Anyway, God’s Word is efficacious. That’s just a $20 word that means God’s Word is able to accomplish whatever God wants it to accomplish. Isaiah says God’s Word is like the rain and snow…….when they fall from the heavens, they water the earth. It can’t happen any other way! If you stand out in the rain, you get wet. Snow doesn’t evaporate and go back to the sky before it ever hits the ground—though it might be nice if it did!

And when the rain waters the earth, plants grow. Look at the wonderful dandelion—it doesn’t ask for much. A little moisture and a day or two above freezing is all it takes to burst forth into bloom. I’ve seen dandelions blooming in my yard every month of the year. And let me clue you in on a little secret—don’t spend all your time trying to get rid of it; rather, rejoice in it! It has a beautiful flower, you can eat the leaves for a salad, grind dried roasted roots for a coffee substitute, make wine from the blossoms, and enjoy the “seed puffs” as a fun little toy! What’s not to like? T he lowly dandelion comes close to being nature’s perfect plant! Even its scientific name, Taraxacum officianale means roughly “the official remedy for disorders.” That, my friends, is exalted territory!

And God’s Word is going to accomplish God’s purposes. You can stand in its way if you wish. God might even let you slow it down for a time, but ultimately God’s Word is going to accomplish what God wants it to. Trying to oppose it is like standing out in the highway saying, “Na, na, na, na, na, nah!” to a Mack truck barreling toward you. You may feel like you’re doing something—but that truck’s going to hit you with the bodily equivalent of the John Denver song, “You done stomped on my heart—you smashed my aorta!”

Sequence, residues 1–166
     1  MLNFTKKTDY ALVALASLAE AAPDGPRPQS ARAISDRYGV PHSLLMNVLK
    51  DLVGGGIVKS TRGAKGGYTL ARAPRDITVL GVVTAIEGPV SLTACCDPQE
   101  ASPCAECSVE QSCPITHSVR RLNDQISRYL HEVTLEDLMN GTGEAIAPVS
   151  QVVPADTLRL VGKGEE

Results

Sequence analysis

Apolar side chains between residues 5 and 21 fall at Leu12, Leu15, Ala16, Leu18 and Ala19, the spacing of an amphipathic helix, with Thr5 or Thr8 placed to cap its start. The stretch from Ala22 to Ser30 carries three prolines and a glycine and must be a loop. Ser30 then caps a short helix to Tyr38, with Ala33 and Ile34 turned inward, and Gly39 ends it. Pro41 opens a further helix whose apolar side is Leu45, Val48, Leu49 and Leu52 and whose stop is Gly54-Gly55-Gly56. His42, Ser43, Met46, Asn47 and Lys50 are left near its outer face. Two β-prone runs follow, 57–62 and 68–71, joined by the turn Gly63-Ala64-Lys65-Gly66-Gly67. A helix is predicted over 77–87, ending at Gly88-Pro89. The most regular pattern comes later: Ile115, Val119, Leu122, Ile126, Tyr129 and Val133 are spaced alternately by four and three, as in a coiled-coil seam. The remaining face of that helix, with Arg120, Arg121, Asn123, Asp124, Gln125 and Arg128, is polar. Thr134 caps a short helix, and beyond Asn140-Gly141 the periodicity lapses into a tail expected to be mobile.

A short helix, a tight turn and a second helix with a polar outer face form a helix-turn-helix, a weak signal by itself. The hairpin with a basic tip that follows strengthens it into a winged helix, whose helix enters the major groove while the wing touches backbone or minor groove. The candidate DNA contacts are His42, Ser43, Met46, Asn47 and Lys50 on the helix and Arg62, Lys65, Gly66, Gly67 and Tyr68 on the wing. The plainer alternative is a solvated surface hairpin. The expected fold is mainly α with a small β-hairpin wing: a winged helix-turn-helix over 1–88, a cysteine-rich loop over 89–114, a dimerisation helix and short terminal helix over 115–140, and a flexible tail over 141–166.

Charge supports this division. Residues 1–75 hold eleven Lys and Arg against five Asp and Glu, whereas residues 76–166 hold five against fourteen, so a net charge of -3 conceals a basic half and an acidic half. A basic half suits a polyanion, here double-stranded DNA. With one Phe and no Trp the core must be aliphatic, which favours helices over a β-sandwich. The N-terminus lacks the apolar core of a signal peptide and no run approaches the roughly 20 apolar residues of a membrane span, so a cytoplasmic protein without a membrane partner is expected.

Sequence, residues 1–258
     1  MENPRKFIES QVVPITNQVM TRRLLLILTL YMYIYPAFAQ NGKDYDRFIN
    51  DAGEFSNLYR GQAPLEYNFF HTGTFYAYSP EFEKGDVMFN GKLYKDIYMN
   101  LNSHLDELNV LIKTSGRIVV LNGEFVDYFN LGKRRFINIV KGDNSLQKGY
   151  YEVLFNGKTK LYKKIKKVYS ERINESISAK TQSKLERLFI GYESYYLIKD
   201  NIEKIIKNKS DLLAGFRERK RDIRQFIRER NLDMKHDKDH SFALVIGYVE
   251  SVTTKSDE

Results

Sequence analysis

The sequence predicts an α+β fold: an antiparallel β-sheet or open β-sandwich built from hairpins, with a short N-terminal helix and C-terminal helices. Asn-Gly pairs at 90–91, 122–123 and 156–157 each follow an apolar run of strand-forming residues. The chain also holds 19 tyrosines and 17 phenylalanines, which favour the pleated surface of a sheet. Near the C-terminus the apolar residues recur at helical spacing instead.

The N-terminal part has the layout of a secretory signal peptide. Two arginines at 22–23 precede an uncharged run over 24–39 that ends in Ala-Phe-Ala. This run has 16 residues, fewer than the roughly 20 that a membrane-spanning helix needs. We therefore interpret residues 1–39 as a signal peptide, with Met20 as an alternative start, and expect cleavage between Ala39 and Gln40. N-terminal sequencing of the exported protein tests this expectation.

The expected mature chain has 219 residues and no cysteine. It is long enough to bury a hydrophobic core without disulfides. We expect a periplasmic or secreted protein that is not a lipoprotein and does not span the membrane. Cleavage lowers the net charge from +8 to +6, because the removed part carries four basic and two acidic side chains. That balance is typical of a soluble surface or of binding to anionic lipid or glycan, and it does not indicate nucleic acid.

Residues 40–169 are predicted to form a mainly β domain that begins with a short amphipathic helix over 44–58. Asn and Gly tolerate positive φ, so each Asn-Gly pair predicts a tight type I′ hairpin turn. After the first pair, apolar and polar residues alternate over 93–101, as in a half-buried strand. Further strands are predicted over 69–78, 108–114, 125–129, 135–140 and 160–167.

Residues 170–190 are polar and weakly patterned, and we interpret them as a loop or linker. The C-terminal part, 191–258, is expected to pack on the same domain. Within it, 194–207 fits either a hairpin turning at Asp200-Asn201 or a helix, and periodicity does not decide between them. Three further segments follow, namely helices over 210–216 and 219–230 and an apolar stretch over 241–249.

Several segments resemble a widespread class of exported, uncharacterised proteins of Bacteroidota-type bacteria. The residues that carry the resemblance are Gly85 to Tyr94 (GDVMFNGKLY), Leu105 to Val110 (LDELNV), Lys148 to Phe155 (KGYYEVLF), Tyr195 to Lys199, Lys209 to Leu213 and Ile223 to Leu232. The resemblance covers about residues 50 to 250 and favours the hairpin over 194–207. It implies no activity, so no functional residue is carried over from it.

And then, God’s Word surprises with its effects in nature and humankind. The mountains and the hills start singing and the trees are clapping their hands! That’s not intended to be literally true, of course, but true in a spiritual sense. A few weeks ago on Palm Sunday, the officials told Jesus to settle down the crowds who got rather too excited in what we call the Triumphal Entry. And you may remember that Jesus said, “If I quiet the people, the very stones of the road will cry out.”

Many a psalm resonates with the same kind of imagery. Psalm 148, for example, calls creation to worship the Lord:

You great sea creatures and all the depths;
Fire and hail, snow and clouds;
Stormy wind, fulfilling His word;
Mountains and all hills;
Fruitful trees and all cedars;
Beasts and all cattle;
Creeping things and flying fowl;
Kings of the earth and all peoples;
Princes and all judges of the earth;
Both young men and maidens;
Old men and children.  
Let them praise the name of the Lord,
For His name alone is exalted.
There’s a wonderful hymn which says:

Let the whole creation cry, “Glory to the Lord on high!”
Heav'n and earth, awake and sing, “Praise him, our almighty king!”
Praise him, angel hosts above, Ever bright and fair in love;
Sun and moon, lift up your voice; Night and stars, in God rejoice!

And since we are a part of creation, when we serve the living Lord, we, too, bubble over with wonder. Isaiah 51 says:

The ransomed of the Lord shall return,